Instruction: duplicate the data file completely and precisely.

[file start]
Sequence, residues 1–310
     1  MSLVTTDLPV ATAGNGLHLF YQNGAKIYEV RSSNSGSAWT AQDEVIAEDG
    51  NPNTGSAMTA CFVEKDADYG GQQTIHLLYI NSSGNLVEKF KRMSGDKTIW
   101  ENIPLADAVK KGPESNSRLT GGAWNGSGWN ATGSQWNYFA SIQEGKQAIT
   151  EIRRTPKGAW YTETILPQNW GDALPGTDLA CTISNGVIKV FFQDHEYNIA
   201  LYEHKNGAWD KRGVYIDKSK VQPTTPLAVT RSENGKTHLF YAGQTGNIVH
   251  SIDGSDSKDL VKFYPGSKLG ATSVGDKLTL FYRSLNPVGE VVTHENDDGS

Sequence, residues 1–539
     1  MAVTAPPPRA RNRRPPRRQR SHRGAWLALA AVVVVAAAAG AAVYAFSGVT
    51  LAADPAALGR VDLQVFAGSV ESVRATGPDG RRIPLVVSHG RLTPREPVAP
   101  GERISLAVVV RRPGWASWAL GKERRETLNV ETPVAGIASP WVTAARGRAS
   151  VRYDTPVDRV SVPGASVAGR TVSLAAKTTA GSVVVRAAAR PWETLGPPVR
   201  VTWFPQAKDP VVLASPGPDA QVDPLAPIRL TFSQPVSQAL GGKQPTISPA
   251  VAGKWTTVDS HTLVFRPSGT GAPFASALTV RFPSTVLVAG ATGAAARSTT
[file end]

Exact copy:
Sequence, residues 1–310
     1  MSLVTTDLPV ATAGNGLHLF YQNGAKIYEV RSSNSGSAWT AQDEVIAEDG
    51  NPNTGSAMTA CFVEKDADYG GQQTIHLLYI NSSGNLVEKF KRMSGDKTIW
   101  ENIPLADAVK KGPESNSRLT GGAWNGSGWN ATGSQWNYFA SIQEGKQAIT
   151  EIRRTPKGAW YTETILPQNW GDALPGTDLA CTISNGVIKV FFQDHEYNIA
   201  LYEHKNGAWD KRGVYIDKSK VQPTTPLAVT RSENGKTHLF YAGQTGNIVH
   251  SIDGSDSKDL VKFYPGSKLG ATSVGDKLTL FYRSLNPVGE VVTHENDDGS

Sequence, residues 1–539
     1  MAVTAPPPRA RNRRPPRRQR SHRGAWLALA AVVVVAAAAG AAVYAFSGVT
    51  LAADPAALGR VDLQVFAGSV ESVRATGPDG RRIPLVVSHG RLTPREPVAP
   101  GERISLAVVV RRPGWASWAL GKERRETLNV ETPVAGIASP WVTAARGRAS
   151  VRYDTPVDRV SVPGASVAGR TVSLAAKTTA GSVVVRAAAR PWETLGPPVR
   201  VTWFPQAKDP VVLASPGPDA QVDPLAPIRL TFSQPVSQAL GGKQPTISPA
   251  VAGKWTTVDS HTLVFRPSGT GAPFASALTV RFPSTVLVAG ATGAAARSTT